To this day I still surf Doheny and San Onofre on a regular basis. Both of these spots hold so many of my surfing memories and have always been a big part of California surf culture. Also, on occasion I’ll try to go up and surf Malibu, plus we get out to Waikiki every year for a family surf vacation which is such a rad experience.

    Are there people from this younger generation that inspire you these days whether it's surfing, art, music? 

    As far as the younger generation, they all ride longboards so incredibly well. There is way more really talented longboarders these days than when we were doing it. I get super inspired by the creative moves they come up with and sometimes I’m blown away at what is possible on a big board after watching them. We thought we were really punk rock surfing Salt Creek on longboards and just smashing the lip, but these days kids have it figured out. There are always a few standouts, but that never takes away from the rest of the crowd that is surfing their own way and digging their own groove in the ocean.

    Surfing has grown in popularity at a pretty rapid pace over the last 2 decades. What is your take on the crowds and how do you manage to keep a positive attitude when surfing with quite a few people on a normal basis?

    I’ve seen about four generations of longboarders grow up by now and it’s still so rad to be a part of the culture. I’m riding a ton of kookboxes and really old stuff, so I’m not too concerned with the crowds in terms of competition. Both spots I surf tend to always be crowded, so I don’t let it get to me if possible. I try to pray for peace and patience when I’m in the ocean because that’s what it is all about. There is no reason to get all tweaked out on somebody dropping in on you because it will ruin your mindset which should be positive. I still struggle with some people who are a bit more dangerous when they cut me off in a critical section of the wave, but it rarely happens. I love to see that there are two types of longboarding again, the more traditional approach and also the performance style that is making a comeback too. There really aren’t any rules these days. You can be riding a board from the 40’s and back on your high-performance board the same day!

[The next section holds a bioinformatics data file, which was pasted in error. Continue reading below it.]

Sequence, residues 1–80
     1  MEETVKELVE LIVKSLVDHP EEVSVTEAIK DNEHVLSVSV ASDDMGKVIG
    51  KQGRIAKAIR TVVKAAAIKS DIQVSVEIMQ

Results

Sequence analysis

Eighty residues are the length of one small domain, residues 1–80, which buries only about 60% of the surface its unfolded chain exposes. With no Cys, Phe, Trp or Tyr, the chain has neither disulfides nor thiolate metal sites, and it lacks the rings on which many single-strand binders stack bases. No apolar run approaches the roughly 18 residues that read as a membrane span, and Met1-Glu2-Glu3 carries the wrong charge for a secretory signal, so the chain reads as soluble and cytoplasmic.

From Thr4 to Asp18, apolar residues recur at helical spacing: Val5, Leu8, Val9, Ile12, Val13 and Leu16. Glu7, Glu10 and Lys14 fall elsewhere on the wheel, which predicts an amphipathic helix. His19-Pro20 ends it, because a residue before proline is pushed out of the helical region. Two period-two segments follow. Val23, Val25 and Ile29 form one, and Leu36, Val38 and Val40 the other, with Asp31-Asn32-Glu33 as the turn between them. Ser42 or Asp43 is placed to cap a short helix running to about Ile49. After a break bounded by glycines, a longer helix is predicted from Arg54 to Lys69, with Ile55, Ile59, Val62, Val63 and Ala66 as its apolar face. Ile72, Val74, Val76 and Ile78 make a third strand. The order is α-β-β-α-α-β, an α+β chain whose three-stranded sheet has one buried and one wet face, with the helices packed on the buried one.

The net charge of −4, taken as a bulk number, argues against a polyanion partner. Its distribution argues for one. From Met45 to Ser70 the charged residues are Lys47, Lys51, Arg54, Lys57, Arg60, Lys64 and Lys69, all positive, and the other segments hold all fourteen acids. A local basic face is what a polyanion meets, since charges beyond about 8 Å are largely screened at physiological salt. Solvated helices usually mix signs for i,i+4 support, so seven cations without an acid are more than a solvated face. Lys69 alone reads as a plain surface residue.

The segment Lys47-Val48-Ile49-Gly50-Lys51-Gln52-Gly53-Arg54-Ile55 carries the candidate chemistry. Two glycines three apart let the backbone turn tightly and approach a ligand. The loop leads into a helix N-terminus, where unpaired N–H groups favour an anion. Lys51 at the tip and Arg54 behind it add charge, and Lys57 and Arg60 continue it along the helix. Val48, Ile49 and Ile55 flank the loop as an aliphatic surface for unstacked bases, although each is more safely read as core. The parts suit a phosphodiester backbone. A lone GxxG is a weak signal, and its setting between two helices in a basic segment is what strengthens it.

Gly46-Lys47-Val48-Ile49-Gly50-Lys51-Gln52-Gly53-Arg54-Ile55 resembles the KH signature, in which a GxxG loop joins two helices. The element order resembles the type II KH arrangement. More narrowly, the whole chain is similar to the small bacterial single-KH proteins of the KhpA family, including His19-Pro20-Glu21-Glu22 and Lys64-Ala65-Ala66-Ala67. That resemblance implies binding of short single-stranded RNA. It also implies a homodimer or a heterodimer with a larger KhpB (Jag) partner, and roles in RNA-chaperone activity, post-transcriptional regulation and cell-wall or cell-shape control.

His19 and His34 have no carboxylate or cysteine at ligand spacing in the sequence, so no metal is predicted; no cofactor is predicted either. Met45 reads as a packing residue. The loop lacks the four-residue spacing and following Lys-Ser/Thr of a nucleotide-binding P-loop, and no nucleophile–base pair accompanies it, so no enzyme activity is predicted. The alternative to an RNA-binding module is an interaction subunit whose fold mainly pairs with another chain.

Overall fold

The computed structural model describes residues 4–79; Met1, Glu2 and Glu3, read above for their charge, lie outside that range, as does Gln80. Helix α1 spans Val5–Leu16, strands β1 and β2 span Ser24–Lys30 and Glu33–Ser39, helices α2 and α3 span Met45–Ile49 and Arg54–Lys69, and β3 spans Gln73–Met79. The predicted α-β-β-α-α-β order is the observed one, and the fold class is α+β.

How can people see your work and get a hold of you? Website, Instagram, etc.

    - People can always message me through Instagram or email me if they are interested in purchasing a piece of art. We just finished a private art gallery space at my home in San Juan Capistrano, so I try to make time for people to come by and see my work in person as well. My daughter and I have a new record coming out this summer for “The Bent Duo” and we’ll be touring during the last half of the year, so we’ll try to let everyone know the dates of the shows when we can. 


    God Bless,

    Brian Bent


    Instagram: @brian_bent + @bentduo

    Email: bentgallery@gmail.com